Molter joins COA after years of appellate practice
While Derek Molter and his forebearers have accomplished much over the last century, he will now further his family’s legacy in law by joining the Indiana Court of Appeals as its newest judge.Read More
Molter continues family legal legacy on Court of Appeals
Private practitioner Derek Molter has been chosen as the newest Indiana Court of Appeals judge. Indiana’s governor selected Molter, a partner at Ice Miller LLP and a leader of the firm’s appellate practice, to succeed Judge James Kirsch, who is retiring from the 15-member Indiana Court of Appeals in September.Read More
The state must pay back more than $700,000 to a money services business who had cash seized following a traffic stop, the Indiana Court of Appeals has ruled, finding “no evidence whatsoever that a crime was committed.”
After serving for more than 25 years on the Indiana Court of Appeals, Judge James S. Kirsch is moving on. The Indiana Supreme Court handed down an order Wednesday giving senior judge status to Kirsch, who announced his retirement in January.
A decision issued Tuesday by the Indiana Court of Appeals is allowing the state to again stop the federally enhanced unemployment benefits which Gov. Eric Holcomb had tried to end in June, saying the extra money was hurting the Hoosier economy by encouraging workers to stay out of the job market.
Two families jointly appealing a ruling that favored an insurance company after one of their children was injured in a golf cart accident did not convince the Indiana Court of Appeals that there was a mistake in the trial court’s decision.
Before selecting three finalists to move up to Indiana Gov. Eric Holcomb’s desk for review to become the next judge of the Indiana Court of Appeals, 12 candidates sat before the Indiana Judicial Nominating Commission on Tuesday to be interviewed for the post.
Madison Circuit Court Judge Mark K. Dudley, Ice Miller partner Derek R. Molter and Marion Superior Judge Heather A. Welch have been selected as finalists to fill an upcoming vacancy on the Indiana Court of Appeals.
A police officer was justified in conducting a search of Christian Jamar Triblet after seeing a bulge on the right side of his pants that was larger than a mobile phone, the Indiana Court of Appeals ruled Tuesday, affirming a lower court ruling denying Triblet’s motion to suppress evidence.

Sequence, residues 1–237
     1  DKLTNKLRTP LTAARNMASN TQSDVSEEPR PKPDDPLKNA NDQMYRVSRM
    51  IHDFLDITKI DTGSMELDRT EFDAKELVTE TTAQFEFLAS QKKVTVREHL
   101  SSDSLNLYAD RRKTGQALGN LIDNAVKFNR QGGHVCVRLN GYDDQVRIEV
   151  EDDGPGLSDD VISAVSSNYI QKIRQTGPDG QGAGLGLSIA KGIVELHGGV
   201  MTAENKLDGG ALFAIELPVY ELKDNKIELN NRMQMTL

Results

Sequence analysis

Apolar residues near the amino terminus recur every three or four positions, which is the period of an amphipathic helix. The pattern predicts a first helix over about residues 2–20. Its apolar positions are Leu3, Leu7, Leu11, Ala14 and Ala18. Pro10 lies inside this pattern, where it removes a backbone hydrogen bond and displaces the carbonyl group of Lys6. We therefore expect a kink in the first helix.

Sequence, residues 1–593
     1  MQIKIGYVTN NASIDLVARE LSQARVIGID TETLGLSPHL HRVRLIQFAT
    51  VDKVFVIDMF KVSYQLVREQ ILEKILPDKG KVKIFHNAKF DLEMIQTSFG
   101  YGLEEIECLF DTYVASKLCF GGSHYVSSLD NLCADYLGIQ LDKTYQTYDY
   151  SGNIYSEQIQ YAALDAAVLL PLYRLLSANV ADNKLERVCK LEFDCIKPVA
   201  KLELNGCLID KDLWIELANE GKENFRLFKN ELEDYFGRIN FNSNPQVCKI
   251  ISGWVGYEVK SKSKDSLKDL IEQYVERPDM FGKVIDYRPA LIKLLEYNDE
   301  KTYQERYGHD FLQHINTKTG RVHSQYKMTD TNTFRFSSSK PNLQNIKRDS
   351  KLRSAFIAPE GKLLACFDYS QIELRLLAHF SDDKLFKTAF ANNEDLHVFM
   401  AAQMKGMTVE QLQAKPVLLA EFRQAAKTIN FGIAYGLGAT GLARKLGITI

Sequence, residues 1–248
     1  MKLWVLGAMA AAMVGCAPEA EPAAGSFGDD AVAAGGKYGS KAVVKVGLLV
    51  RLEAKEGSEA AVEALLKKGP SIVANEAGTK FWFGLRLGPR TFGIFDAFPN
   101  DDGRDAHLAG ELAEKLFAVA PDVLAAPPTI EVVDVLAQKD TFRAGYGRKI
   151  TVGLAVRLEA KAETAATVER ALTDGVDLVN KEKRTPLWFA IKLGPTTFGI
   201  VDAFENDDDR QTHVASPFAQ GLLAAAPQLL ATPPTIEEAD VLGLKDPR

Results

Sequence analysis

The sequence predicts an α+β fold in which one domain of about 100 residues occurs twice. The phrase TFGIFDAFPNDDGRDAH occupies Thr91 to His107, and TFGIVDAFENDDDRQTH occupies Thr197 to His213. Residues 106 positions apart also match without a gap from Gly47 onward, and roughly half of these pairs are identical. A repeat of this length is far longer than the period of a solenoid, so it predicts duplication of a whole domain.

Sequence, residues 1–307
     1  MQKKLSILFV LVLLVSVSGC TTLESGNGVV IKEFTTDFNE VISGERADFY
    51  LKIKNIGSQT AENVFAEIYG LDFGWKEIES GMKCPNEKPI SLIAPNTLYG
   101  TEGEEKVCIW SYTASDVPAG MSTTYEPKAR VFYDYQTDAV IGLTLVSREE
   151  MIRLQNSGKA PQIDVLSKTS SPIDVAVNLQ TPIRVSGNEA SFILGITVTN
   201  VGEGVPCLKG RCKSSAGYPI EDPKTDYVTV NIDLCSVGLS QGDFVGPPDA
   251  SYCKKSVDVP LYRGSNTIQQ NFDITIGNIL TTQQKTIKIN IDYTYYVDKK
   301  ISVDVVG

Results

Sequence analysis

The Indiana Judicial Nominating Commission will reconvene next month for a full day of interviews with the 12 candidates vying to succeed Judge James Kirsch on the Indiana Court of Appeals.
All 23 lawyers and judges who applied to succeed Judge James Kirsch on the Indiana Court of Appeals will be interviewed by the Indiana Judicial Nominating Commission next month.
Twelve judges and 11 lawyers from central Indiana have applied to succeed retiring Judge James Kirsch on the Indiana Court of Appeals.
A Hamilton County school district fulfilled its public disclosure duties when it provided information about a suspended employee’s discipline and personnel history, even though the district did not provide specific personnel records, the Indiana Court of Appeals has ruled. The appellate court used its Wednesday decision to call on the Indiana General Assembly to provide more clarity in how public agencies should respond to public records requests.
Lawyers and judges interested in applying for an upcoming vacancy on the Indiana Court of Appeals bench may now do so, the Indiana Supreme Court announced Friday.
Veteran Indiana Court of Appeals Judge James Kirsch announced Thursday he will retire this fall, capping a quarter-century on the state’s appellate court bench. Kirsch said in a statement he will continue to serve as a senior judge.
A split Indiana Court of Appeals panel has reversed a damages award to a nursing home in its breach of warranty dispute with a roofing company, with a dissenting judge arguing that the damage award was within the scope of the evidence.
The Indiana Court of Appeals has reversed in favor of two longtime Noblesville residents who exercised control over an abandoned railroad right of way for decades, finding the residents reasonably believed they were paying taxes on the right of way during a period of adverse possession.
The widow of a man who was killed by his grandson after numerous mental health treatments lost an appeal of a ruling against her negligence claims against health care providers Monday.